These are exciting times as advances in technology are opening up new roles for people in organizations. Are you one of the many who are asking for more and better data to do your job?

Image courtesy of Flickr user x-ray delta one.

You’re subscribed! If you like, you can update your settings

  1. Sounds like someone somewhere could use my theory of meaningful word distributions in texts. Too bad I can’t seem to find anyone interested in creating the program necessary to do it, even though everyone agrees it’s a great idea. Match me with a programming team, and I have some very good ideas on how to automate data mining.

    1. Hi Troy,
      Have you considered teaming up with your local university? The students may be great programming resources and their advisors in qualitative research could be helpful for tying your methods to known problems.

      1. Hi Terry,

        I have several numbers of career opportunity as Scientist (Immunology & Microbiology) based in Singapore. Would you mind to share this info? where can I post this information, so that all scientist can have access to it? Look forward to have your kindly response.

        Regards,
        Pancanita (+64 – 816706284)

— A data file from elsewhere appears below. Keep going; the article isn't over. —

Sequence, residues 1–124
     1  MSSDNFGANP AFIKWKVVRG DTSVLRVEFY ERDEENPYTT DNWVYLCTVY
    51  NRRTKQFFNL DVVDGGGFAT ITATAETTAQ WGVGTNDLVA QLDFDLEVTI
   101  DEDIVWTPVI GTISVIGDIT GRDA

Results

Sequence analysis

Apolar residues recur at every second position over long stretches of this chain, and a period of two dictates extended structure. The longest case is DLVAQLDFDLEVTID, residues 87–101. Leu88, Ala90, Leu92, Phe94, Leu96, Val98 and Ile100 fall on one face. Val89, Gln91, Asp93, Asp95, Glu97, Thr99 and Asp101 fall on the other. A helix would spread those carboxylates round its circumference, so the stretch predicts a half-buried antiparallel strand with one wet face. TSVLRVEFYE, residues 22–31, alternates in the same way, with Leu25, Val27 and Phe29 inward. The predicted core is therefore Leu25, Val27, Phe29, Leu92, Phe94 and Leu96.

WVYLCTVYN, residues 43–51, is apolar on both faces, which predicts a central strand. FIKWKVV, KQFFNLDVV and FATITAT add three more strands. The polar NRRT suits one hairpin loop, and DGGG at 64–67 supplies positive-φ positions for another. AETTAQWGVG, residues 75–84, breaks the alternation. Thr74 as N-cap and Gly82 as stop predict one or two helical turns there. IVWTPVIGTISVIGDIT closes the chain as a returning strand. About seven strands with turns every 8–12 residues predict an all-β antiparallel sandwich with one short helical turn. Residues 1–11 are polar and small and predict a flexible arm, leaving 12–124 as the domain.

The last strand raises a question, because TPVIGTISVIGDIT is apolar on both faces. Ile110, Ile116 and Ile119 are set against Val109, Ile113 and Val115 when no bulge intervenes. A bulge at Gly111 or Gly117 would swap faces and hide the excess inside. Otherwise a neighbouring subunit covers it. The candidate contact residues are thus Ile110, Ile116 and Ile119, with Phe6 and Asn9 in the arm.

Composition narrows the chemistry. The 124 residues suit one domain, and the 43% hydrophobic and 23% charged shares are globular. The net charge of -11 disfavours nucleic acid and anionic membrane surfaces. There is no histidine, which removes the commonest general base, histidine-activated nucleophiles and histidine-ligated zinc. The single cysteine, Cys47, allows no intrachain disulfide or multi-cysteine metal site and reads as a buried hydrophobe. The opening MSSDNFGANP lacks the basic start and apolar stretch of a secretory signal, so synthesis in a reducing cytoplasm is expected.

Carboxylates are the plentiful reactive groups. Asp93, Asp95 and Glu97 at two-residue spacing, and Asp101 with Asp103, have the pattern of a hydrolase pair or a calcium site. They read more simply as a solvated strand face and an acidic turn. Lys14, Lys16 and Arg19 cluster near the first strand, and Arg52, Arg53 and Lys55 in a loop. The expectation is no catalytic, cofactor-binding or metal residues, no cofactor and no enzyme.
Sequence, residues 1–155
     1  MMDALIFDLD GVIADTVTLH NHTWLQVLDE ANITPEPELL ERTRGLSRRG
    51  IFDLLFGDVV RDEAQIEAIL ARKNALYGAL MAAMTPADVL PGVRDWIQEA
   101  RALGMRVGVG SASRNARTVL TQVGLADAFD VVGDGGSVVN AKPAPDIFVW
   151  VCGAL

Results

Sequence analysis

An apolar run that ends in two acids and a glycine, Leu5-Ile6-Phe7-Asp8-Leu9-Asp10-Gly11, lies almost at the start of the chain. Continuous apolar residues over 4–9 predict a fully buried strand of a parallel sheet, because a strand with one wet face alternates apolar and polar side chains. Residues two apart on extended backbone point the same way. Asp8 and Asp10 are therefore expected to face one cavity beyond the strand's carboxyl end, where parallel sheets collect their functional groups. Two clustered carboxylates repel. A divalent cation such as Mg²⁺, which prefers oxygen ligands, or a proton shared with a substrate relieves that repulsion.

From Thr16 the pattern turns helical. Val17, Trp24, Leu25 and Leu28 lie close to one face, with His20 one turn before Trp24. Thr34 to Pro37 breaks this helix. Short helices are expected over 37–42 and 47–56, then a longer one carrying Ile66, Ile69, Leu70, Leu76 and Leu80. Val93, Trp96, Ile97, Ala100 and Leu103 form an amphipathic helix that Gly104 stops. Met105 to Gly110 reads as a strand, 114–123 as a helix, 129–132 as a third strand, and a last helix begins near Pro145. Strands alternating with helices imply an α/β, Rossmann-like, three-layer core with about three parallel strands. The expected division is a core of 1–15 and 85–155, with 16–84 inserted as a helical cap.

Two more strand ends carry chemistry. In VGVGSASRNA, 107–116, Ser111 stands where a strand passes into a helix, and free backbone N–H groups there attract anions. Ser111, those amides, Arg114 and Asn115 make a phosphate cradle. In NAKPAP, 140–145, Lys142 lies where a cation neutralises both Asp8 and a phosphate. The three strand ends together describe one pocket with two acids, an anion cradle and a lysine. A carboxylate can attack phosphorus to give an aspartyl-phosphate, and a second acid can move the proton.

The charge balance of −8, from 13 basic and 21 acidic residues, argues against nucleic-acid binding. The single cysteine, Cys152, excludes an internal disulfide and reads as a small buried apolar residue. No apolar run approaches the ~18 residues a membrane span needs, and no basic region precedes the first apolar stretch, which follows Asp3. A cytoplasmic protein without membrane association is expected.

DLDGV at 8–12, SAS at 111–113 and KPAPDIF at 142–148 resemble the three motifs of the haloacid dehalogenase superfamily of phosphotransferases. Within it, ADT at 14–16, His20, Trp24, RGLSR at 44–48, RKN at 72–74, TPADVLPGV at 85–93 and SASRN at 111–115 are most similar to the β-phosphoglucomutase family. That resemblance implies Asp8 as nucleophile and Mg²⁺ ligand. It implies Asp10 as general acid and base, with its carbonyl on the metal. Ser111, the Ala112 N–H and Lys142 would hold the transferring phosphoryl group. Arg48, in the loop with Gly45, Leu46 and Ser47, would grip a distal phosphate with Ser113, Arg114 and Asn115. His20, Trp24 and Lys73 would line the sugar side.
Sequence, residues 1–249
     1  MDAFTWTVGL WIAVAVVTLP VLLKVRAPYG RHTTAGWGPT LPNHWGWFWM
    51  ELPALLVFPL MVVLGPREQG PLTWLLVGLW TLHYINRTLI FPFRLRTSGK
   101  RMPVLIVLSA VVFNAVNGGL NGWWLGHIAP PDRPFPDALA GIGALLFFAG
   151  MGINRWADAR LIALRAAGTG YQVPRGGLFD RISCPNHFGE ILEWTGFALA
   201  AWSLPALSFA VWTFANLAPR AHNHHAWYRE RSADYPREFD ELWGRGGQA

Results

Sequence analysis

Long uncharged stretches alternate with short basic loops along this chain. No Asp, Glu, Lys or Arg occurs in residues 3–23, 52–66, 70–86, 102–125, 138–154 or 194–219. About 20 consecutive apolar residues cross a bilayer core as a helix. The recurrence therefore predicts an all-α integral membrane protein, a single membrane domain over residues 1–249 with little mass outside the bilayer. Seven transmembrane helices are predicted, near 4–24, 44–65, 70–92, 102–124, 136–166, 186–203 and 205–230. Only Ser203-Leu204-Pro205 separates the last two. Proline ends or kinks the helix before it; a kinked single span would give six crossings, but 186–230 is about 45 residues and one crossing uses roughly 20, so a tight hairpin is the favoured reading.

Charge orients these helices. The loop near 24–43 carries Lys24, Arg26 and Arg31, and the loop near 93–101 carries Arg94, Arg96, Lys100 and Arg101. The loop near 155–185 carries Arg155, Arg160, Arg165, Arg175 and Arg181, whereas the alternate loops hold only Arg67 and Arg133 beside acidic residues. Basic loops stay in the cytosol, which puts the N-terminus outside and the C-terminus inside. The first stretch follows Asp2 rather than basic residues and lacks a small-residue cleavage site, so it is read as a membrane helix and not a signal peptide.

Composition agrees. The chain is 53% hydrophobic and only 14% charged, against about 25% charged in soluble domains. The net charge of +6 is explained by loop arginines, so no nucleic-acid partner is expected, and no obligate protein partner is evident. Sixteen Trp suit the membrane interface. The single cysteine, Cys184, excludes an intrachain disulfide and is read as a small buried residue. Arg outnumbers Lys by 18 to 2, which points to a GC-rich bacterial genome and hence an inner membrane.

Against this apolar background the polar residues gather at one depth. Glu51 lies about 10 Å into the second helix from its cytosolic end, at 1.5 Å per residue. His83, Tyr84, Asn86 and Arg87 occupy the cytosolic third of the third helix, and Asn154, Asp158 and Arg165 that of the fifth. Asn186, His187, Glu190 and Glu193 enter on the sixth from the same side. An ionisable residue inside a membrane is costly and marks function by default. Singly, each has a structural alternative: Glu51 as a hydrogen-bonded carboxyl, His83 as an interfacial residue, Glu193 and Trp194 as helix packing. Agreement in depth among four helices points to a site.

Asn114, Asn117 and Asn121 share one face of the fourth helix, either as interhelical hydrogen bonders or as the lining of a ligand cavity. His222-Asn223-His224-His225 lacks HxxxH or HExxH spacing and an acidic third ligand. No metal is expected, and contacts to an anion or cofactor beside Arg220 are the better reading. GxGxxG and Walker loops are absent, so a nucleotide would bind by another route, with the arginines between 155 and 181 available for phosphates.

panca_nita@yahoo.com

  2. The Consulting Bench Thursday, September 8, 2011

    Consistent with this article, we are seeing tremendous demand for consulting professionals with experience in Business Intelligence, Data Analysis and Data Warehousing. When consulting firms are chomping at the bit to hire these folks, you know it is a hot topic. Expect salaries in the field to rise.

    Iain
    http://www.consultingbench.com
    Careers in Consulting

    1. Ian, what would you like to see added to an MBA curriculum that would make candidates perfect for your stakeholders?

  3. Dalila Benachenhou Tuesday, September 20, 2011

    “They also seem to start by looking at what the data can tell them, and then picking interesting threads to follow. ”

    That’s what I do. My data are un-structured, they come from many sources, and in many cases, they appear to be just noise until I gather them, organize them and create the story from them.
    You can see some examples of my work at:
    femvestor.blogspot.com

    1. Dalila, Thank you for sharing your link. Interesting visualization. Far cry from the tables of stats I’m used to seeing.

  4. Pancanita Manalu Friday, October 7, 2011

    JOB OPPORTUNITY;

    A leading FMCG company is urgently looking for:

    1. Senior Scientist Immunology
    2. Assistant Scientist Immunology
    3. Junior Scientist Microbiology

    Qualification;
    1. Ph.D Immunology (related experience)
    2. Bachelor or Master Degree in Immunology (OR Junior Academic level with related experiences)
    3. Bachelor Degree in field of Microbiology (related disciplines – food microbiology, molecular ecology, and molecular biology – with related experiences in microbiology)

    Send CV to; lifesciencejob@peoplesource-solutions.com

    Pancanita (+64 – 816706284)
    panca_nita@yahoo.com

Comments have been disabled for this post